Definitions for overtoneˈoʊ vərˌtoʊn
This page provides all possible meanings and translations of the word overtone
Random House Webster's College Dictionary
an acoustical frequency that is higher than and simultaneous with the fundamental in a complex musical tone.
Category: Music and Dance
an additional, usu. implicit meaning or quality.
(usually plural) an ulterior implicit meaning or quality
"overtones of despair"
overtone, partial, partial tone(noun)
a harmonic with a frequency that is a multiple of the fundamental frequency
A tone whose frequency is an integer multiple of another; a harmonic
An implicit meaning, as opposed to a hidden meaning or undertone.
Origin: over + tone, from Oberton.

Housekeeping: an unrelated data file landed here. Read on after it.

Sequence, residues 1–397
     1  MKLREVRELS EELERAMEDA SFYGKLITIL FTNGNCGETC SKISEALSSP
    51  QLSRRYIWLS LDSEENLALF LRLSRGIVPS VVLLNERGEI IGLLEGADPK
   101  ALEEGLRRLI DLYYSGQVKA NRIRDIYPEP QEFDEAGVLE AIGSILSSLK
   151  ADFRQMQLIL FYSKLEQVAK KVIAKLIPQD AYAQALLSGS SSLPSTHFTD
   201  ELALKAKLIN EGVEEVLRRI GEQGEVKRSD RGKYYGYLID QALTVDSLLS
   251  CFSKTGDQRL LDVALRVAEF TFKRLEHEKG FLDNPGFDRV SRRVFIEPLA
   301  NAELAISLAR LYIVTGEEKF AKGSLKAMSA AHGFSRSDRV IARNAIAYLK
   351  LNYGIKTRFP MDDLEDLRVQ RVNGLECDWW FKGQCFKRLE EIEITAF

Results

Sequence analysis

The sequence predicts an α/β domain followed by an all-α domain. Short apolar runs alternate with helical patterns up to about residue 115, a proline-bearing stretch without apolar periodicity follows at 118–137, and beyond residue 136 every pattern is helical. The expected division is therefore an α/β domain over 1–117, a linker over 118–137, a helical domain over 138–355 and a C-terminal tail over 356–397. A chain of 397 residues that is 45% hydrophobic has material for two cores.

An overtone is any frequency higher than the fundamental frequency of a sound. The fundamental and the overtones together are called partials. Harmonics are partials whose frequencies are integer multiples of the fundamental. These overlapping terms are variously used when discussing the acoustic behavior of musical instruments. When a resonant system such as a blown pipe or plucked string is excited, a number of overtones may be produced along with the fundamental tone. In simple cases, such as for most musical instruments, the frequencies of these tones are the same as the harmonics. An example of an exception is a circular drum, whose first overtone is about 1.6 times its fundamental resonance frequency. The human vocal tract is able to produce a highly variable structure of overtones, called formants, which define different vowels.
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